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Tempers Flare: Minority Journalists Tell National Newspaper Association Officials That More Has to Be Done in Diversifying Newsrooms

Magazine article Editor & Publisher

Tempers Flare: Minority Journalists Tell National Newspaper Association Officials That More Has to Be Done in Diversifying Newsrooms

Article excerpt

AT THE NEWSPAPER industry's second "summit" meeting on diversity, groups representing minority journalists were excluded from the program and expressed anger and frustration at the lack of progress since the first summit in January.

The meeting of captains of the newspaper industry--presidents and chief executive officers of the biggest newspaper corporations--at the Palace Hotel in New York City Dec. 3 highlighted some of the very problems it meant to solve and exposed how deeply issues of race, culture, and identity reach in newspapers.

As Seattle Times publisher and CEO Frank Blethen said, "If you don't think there's racism in newspapers today, you're kidding yourself."

For more than four hours, executives related how newspapers and other employers were dealing with diversity. The meeting of 75 executives and activists was nearly double the 38 who attended last January.

NAA chairman and Hearst Corp. president and CEO Frank Bennack Jr. said there has been "substantial progress" toward the goal of moving "beyond talk" on diversity, because the issue is both "the right thing to do" and "a business imperative."

When the floor opened to questions, however, representatives of black, Latino, Asian, and gay journalists all expressed dissatisfaction with the status of minority groups in newspapers and with the Newspaper Association of America's handling of it.

Sidmel Estes-Sumpter, president of the National Association of Black Journalists and a producer at WAGA-TV in Atlanta, saw no improvement over the past last year.

"You just don't get it," she said in a 10-minute tongue-lashing of NAA's diversity committee, whose lack of progress left her "angry and very frustrated."

At the close of an afternoon of "talking heads," she called the meeting mostly a wasted effort because she saw little interest in "real solutions."

Few specific proposals emerged on how to take the number of minorities in the newsroom from a little over 9% now to 25%--or parity with the minority population--by the year 2000, she said, adding that her prediction made at the first diversity summit in january had come to pass: that little would be done.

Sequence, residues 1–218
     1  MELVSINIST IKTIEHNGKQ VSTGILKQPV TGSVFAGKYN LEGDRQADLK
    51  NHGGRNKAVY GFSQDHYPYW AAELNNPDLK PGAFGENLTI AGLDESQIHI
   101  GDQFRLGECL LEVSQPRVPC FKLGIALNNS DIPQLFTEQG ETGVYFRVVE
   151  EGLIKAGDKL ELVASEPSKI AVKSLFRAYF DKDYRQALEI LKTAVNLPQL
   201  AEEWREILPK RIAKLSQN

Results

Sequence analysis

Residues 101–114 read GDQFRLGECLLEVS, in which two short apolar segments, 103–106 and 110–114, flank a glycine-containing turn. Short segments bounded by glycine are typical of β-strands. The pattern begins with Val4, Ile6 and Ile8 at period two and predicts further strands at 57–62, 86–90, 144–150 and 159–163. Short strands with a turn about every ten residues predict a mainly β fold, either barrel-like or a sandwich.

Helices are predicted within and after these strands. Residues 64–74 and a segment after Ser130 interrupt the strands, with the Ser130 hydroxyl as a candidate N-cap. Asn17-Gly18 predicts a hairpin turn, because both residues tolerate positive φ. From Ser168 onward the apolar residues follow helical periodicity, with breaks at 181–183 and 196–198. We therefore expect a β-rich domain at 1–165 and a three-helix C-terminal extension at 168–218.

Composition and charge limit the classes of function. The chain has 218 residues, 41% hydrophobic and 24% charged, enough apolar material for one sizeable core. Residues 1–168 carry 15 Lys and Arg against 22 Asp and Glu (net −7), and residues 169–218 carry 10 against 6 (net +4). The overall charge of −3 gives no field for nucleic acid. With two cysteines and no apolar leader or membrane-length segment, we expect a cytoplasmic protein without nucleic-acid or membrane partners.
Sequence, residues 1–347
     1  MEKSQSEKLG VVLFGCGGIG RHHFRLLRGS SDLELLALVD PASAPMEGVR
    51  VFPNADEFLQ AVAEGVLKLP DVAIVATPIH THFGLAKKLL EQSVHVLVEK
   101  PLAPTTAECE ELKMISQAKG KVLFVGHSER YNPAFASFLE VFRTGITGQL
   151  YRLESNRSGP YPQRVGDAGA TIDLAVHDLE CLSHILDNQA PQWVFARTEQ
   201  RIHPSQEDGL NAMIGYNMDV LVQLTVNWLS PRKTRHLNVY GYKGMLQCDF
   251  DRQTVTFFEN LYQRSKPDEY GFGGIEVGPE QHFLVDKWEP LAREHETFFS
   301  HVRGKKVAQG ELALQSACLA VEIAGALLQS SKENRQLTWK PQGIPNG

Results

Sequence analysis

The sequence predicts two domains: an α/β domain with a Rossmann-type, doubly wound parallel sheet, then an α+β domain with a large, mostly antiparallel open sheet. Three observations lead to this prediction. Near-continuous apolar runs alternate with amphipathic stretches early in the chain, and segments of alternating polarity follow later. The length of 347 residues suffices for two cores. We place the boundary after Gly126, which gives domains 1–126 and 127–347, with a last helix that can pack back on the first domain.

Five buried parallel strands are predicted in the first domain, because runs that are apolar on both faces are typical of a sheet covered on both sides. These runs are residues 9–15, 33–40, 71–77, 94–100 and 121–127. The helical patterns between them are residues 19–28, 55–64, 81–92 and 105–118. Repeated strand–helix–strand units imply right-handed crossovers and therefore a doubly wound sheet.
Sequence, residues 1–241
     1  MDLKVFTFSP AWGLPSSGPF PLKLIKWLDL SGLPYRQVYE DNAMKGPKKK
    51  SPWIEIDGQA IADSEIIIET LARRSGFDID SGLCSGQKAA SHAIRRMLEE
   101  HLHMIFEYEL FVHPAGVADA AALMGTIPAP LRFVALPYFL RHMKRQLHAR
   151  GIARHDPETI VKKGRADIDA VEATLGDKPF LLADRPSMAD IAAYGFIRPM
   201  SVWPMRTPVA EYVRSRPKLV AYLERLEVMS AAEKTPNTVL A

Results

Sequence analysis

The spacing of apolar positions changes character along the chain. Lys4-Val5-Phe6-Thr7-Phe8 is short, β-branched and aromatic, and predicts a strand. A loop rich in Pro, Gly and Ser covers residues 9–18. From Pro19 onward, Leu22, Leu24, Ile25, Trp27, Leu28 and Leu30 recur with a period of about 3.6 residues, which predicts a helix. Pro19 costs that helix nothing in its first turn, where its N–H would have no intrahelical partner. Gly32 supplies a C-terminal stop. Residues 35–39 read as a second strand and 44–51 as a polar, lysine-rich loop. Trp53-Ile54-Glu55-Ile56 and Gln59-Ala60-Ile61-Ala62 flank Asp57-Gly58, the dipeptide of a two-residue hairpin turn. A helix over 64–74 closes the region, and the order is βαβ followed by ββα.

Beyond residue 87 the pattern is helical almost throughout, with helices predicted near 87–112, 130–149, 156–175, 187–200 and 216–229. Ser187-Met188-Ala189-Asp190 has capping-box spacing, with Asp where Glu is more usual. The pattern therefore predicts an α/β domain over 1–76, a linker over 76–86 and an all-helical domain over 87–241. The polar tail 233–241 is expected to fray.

Estes-Sumpter cited small gains in the number of minorities working and managing newspaper newsrooms and said that, despite the warnings of the Kerner Commission 25 years ago for the media to reflect the views of minorities, the nation this year has been torn by riots in Los Angeles.

White editors, with minorities largely absent, sent black reporters "as cannon fodder" to gather information on the riots and relay it to whites who wrote the stories, she said.

The resulting coverage misrepresented Korean businesses and ignored the role of Hispanics, she added.

Turning to the consolidated NAA--which has one black person, Toni Laws, in senior management and no Latinos or Asians--she urged the publishers to "get your own house in order" before leading newspapers on diversity.

NAA president and CEO Cathleen Black defended the association's record, saying that the merger of the former American Newspaper Publishers Association and Newspaper Advertising Bureau resulted in a 25% staff cut.

However, NAA has made "very substantial progress," Black said, including the hiring of seven minority staffers in the last few months.

Estes-Sumpter credited those who attended the summit with good intentions, but urged "concrete steps."

"We want to hear specifics about what is happening in the next step to put minorities on track to take over your jobs," she said. "We can't wait another year as we've done this year."

She called on newspapers to make their offices "nurturing" in order to retain minorities who are leaving in droves, and she warned that unless newspapers embrace diversity "you are writing your own death knell."

Elsewhere there was solid evidence that newspaper companies are changing, however slowly. …

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